Explain upon a thing, till all men doubt it;
Of the same kind of school-metaphysics are these lines of Cowley :
Nothing is there to come, and nothing pasi,
* Bereridge's Sermons. † Job xxxviii. 2. Duncaid
# Davideis, Ecok i,
The unintelligible....Part III. From want of meaning.
What an insatiable appetite has this bastard-philosophy for absurdity and contradiction! A now that lasts ; that is, an instant which continues during successive instants; an eternal now, an instant that is no instant, and an eternity that is no eternity. I have heard of a preacher, who, desirous to appear very profound, and to make observations on the commonest subjects, which had never occurred to any body before, remarked, as an instance of the goodness of providence, that the moments of time come successively, and not simultaneously or together, which last method of coming would, he said, occasion infinite confusion in the world. Many of his audience concluded his remark to be no better than a bull: and yet, it is fairly defensible on the principles of the schoolmen ; if that can be called principles which consists merely in words. According to them, what Pope says hyperbolically of the tran- . sient duration and narrow range of man, is a literal description of the eternity and immensity of God :
His time a moment, and a point his space *.
I remember to have seen it somewhere remarked, that mankind, being necessarily incapable of making a present of any thing to God, have conceived, as a succedaneous expedient, the notion of destroying what should be offered to him, or at least of rendering it unfit for any other purpose. Something similar appears to have taken place in regard to the explanations of
* Essay on Man, Ep. I.
the divine nature and attributes, attempted by some theorists. On a subject so transcendent, if it be impossible to be sublime, it is easy to be unintelligible. And that the theme is naturally incomprehensible, they seem to have considered as a full apology for them in being perfectly absurd. In the former case, what people could not in strictness bestow upon their Maker, they could easily render unfit for the use of men; and in the latter, if one cannot grasp what is above the reach of reason, one can without difficulty say a thousand things which are contrary to reason.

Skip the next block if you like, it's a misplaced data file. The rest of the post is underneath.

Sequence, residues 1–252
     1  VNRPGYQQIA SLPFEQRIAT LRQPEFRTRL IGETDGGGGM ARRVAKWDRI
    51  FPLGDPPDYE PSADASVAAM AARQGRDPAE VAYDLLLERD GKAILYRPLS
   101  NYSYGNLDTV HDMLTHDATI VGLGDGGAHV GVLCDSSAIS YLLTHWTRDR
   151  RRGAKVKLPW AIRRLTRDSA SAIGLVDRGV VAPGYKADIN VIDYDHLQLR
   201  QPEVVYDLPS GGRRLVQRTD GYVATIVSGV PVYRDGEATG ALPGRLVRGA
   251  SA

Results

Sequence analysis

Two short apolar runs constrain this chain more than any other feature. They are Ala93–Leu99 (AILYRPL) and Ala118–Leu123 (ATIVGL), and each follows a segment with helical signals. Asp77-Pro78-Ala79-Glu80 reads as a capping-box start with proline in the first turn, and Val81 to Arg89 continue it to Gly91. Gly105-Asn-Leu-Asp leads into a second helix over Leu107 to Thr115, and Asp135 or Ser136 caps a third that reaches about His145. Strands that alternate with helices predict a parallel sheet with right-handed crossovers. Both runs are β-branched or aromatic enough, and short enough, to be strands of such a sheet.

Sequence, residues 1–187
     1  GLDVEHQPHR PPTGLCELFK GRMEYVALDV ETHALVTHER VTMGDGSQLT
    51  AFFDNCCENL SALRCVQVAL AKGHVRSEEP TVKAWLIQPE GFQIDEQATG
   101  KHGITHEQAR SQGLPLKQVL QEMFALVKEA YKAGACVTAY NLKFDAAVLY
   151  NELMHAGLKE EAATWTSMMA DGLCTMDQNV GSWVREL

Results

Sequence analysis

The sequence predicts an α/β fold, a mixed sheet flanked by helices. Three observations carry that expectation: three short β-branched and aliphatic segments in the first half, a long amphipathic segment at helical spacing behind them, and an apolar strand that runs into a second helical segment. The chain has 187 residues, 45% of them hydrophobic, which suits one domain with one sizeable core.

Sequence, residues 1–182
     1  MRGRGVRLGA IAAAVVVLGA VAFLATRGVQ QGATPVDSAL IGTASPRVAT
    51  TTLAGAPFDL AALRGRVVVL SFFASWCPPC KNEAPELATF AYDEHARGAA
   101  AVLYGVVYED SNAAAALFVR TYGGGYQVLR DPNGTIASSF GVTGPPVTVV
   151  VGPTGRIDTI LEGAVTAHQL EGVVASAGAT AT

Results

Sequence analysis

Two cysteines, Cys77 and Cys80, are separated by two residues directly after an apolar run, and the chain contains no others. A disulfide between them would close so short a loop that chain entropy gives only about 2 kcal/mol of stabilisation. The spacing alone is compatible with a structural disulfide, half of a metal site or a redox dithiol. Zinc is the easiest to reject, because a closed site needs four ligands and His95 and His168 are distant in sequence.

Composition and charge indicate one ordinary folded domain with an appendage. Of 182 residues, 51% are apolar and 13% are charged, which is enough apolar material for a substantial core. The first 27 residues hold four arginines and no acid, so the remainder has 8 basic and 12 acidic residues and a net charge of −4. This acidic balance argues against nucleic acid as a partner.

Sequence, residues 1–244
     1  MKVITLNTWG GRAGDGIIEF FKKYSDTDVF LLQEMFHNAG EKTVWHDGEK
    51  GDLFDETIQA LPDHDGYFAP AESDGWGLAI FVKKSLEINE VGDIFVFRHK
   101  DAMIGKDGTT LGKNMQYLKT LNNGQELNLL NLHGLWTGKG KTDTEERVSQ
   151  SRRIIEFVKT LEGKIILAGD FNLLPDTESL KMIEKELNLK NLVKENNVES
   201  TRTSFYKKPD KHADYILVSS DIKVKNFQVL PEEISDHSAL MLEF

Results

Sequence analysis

But though scholastic theology be the principal, it is not the only subject of learned nonsense. In other branches of pneumatology we often meet with rhapsodies of the same kind. I shall take an example from a late right honourable writer, who, though he gives no quarter to the rants of others, sometimes falls into the ranting strain himself: “ Pleasures are the ob
jects of self-love ; happiness that of reason. Reason “ is so far from depriving us of the first, that happiness “ consists in a series of them : and as this can be nei“ther attained nor enjoyed securely out of society, a “ due use of our reason makes social and self-love co
incide, or even become in effect the same. The “ condition wherein we are born and bred, the very “ condition so much complained of, prepares us for “ this coincidence, the foundation of all human happi
ness; and our whole nature, appetite, passion, and " reason, concur to promote it. As our parents loved